"Nestor dragged the bodies down to a tide pool. Boyd brought the chainsaw.
Pete yank-started it. Boyd spread the stiffs out for cutting.
The moon passed by low. Nestor supplied extra light.
Pete sawed from a crouch. The teeth caught on a leg bone straight off.
Nestor pulled the man's foot taut. The teeth whirred through easy.
Pete sawed through a string of arms. The saw kept bucking into the sand. Skin and gristle pop-pop-popped in his face."

 The passage continues in this vein (again, pun intended).  This is from American Tabloid, the contents of which could serve as a serviceable alternate definition for the word, 'bleak.'  It, and the two novels which succeed it, deal with the events of the turbulent assassinations that rocked the country during the sixties and seventies.  They don't center on the men who ordered them, but the men who carry out those orders, men who live violent lives and do violent things.  And, somewhat circuitously, I come to the question of why write stuff like this at all.  Out of context it almost seems like gore porn, which is not something I'm advocating.

For me it comes back to cost.  The men in the American Underworld trilogy pay a high price to live the lives they lead; not only do they generally lose their lives, but they lose much of what is dear to them in the process of serving powerful, amoral men (the gender, not to mention racial, politics of Ellroy is a different issue entirely).  Of the three protagonists of American Tabloid, one man dies at the hands of his former partner and friend, another takes his own life, and the third nearly dies of a brain tumor before escaping The Life, as he calls it.  The narrators who are introduced to replace them suffer a similar rate of attrition.  The message is not, "Maybe you guys should not have helped the Mafia assassinate the president," which admittedly are good words to live by.  The message is that the central characters allow their hatreds and their demons to rule them, to let them commit acts most of us would find reprehensible, to sacrifice greater good for personal gain, to sublimate the superego to the id and nearly to a man they pay the price while those who bought their souls go untouched.  The violence and the death heighten the circumstances.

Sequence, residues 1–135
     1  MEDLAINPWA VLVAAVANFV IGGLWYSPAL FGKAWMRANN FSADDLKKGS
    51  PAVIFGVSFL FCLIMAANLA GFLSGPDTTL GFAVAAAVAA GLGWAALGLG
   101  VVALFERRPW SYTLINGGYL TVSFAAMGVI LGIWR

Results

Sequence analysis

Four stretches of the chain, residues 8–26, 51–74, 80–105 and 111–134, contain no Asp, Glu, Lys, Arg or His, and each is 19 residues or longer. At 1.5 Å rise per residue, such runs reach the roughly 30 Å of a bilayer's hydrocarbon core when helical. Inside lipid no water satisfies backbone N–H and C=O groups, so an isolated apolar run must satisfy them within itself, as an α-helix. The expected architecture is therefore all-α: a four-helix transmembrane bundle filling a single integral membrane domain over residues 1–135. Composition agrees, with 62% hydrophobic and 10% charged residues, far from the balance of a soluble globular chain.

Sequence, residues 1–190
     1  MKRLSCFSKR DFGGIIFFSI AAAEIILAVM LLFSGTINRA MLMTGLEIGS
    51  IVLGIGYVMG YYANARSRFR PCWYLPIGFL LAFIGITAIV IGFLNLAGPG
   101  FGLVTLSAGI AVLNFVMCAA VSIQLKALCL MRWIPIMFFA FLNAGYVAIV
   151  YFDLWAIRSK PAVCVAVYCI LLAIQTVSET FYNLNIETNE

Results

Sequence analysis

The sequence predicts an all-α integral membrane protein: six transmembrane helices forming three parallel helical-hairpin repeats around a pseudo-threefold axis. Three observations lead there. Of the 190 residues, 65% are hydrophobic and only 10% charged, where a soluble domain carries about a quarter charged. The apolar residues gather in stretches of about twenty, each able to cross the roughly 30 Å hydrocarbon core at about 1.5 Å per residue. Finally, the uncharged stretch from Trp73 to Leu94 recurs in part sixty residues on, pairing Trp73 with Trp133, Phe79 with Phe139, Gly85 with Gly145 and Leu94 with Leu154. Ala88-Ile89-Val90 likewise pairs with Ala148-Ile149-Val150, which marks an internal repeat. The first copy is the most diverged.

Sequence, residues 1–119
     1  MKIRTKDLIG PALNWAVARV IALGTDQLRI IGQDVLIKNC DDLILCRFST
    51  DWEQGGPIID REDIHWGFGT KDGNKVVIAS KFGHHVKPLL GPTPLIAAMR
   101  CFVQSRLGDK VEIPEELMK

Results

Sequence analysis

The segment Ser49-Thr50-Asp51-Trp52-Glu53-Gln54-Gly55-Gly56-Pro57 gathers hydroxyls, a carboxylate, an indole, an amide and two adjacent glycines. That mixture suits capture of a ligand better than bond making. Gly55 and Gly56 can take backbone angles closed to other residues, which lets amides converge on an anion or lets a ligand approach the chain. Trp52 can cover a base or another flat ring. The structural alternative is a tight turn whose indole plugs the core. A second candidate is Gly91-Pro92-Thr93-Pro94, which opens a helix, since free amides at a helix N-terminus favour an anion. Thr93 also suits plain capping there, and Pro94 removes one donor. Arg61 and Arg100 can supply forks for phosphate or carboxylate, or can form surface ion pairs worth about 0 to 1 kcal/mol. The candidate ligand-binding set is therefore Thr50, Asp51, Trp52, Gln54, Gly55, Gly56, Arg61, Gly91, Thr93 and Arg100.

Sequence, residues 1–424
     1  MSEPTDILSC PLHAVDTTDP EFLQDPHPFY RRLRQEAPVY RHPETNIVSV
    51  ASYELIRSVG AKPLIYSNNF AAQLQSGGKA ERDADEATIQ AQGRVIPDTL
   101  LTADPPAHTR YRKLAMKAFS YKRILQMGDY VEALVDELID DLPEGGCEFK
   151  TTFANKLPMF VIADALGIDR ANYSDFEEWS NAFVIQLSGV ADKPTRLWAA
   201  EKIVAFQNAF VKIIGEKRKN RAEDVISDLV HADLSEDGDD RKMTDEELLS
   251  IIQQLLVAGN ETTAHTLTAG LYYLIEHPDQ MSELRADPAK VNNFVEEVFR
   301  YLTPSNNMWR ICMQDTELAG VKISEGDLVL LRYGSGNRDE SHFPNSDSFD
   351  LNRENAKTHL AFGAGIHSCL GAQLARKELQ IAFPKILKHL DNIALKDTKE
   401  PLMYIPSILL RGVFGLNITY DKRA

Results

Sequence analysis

A polarizing president, his justice-seeking brother, and the country's foremost advocate for peace and racial solidarity were publicly cut down, one after the other, by those who had the darkest of motives.  You try to tell that story without a body count.

1 comment:

  1. Beautifully written, and filled with intelligent insights. Overall, though, I think this is sort of high-level rationalization for what might best be characterized as a "guilty pleasure." I'm not certain that the "personal cost" outweighs the violence, or the effect the violence has on the viewer. That said, I really think that a film like Denzel Washington's "Man on Fire" is brilliant for exactly the same reasons -- the moral development of the central character.